Up until 1948, any british subject could travel to the UK and live there for good.

    The chances of drowning is about 2%, so for some it is worth the risk.

  • Ros

    One aspect of the paper (I think the author was an academic at LSE) that was really galling was that the author argued (2006 I think)was that the only country that had been successful in effectively keeping a lid on this form of migration was Australia. But of course a critical aspect of this success is that Australia had prevented the business from becoming embedded in Australia. Putting a stop to it is obviously now very much harder.

    I just don’t get why the meme that Rudd is a very intelligent man is so readily accepted by the media and the political class. It seems to me that the most prominent advocate of this belief is Rudd himself. Like his Pax Pacifica, which for those who aren’t familiar with this grand plan of his to make the world of the future a better safer place he modestly described as one of the ideas that would be remembered as a great moment in human history.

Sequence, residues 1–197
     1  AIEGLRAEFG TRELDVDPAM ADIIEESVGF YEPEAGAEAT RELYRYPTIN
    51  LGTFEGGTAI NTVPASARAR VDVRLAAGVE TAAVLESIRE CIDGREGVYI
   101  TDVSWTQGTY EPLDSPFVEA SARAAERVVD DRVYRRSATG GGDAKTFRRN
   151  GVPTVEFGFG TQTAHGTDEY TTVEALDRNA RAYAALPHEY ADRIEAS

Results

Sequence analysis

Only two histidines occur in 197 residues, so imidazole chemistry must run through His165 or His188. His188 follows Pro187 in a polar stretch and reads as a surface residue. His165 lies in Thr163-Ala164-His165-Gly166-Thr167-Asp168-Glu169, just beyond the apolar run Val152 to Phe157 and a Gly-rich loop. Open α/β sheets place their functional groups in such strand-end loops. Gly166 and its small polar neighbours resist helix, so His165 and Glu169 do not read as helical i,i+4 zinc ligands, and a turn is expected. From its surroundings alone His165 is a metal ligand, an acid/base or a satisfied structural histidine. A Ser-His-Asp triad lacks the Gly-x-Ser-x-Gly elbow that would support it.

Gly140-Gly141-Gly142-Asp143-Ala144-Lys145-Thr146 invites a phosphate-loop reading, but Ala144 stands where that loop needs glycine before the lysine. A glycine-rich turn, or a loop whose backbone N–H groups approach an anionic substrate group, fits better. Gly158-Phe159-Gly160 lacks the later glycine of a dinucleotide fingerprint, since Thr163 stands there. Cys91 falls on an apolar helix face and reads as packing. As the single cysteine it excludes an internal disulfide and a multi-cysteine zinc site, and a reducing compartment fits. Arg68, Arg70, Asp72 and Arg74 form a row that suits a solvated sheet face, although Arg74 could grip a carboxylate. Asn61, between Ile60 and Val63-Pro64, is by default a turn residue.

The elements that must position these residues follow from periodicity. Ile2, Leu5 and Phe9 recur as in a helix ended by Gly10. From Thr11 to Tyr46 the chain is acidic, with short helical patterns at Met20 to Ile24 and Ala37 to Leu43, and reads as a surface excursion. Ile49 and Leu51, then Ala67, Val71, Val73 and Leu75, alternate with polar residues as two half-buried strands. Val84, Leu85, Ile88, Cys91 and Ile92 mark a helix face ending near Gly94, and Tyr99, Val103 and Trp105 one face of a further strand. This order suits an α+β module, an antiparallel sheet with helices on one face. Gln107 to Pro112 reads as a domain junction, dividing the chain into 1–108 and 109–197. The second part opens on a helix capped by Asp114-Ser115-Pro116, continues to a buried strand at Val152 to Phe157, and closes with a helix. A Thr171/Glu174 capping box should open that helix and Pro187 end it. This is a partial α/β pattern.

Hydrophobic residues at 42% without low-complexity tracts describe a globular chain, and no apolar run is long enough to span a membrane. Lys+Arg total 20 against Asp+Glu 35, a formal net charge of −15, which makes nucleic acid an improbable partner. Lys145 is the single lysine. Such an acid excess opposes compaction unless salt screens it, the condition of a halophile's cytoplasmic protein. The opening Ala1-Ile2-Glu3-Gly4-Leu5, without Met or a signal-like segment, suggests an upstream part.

• Ros

    2% or 50% chance Jim, at one end of the human spectrum are idiots like me who however often you tell me that if I flew every day for 6000 years I might be involved in an air accident Istill need to be full of valium and red wine, there are the others who believe it will never happen to them, particularly young men.

    There appears to be no research into the actualities of why people get on the boats because the issue is so emotionally loaded, one is either identified as a callous fascist or a holier than though selfish morally vain elitist. Until we can discuss this modern phenomenon in a grown up way and acknowledge that both the obligation we have to assist those in need and the validity of the right of a nation’s citizens to control their borders we will struggle to deal humanely, and fairly, with this phenomenon of a global interconnected world.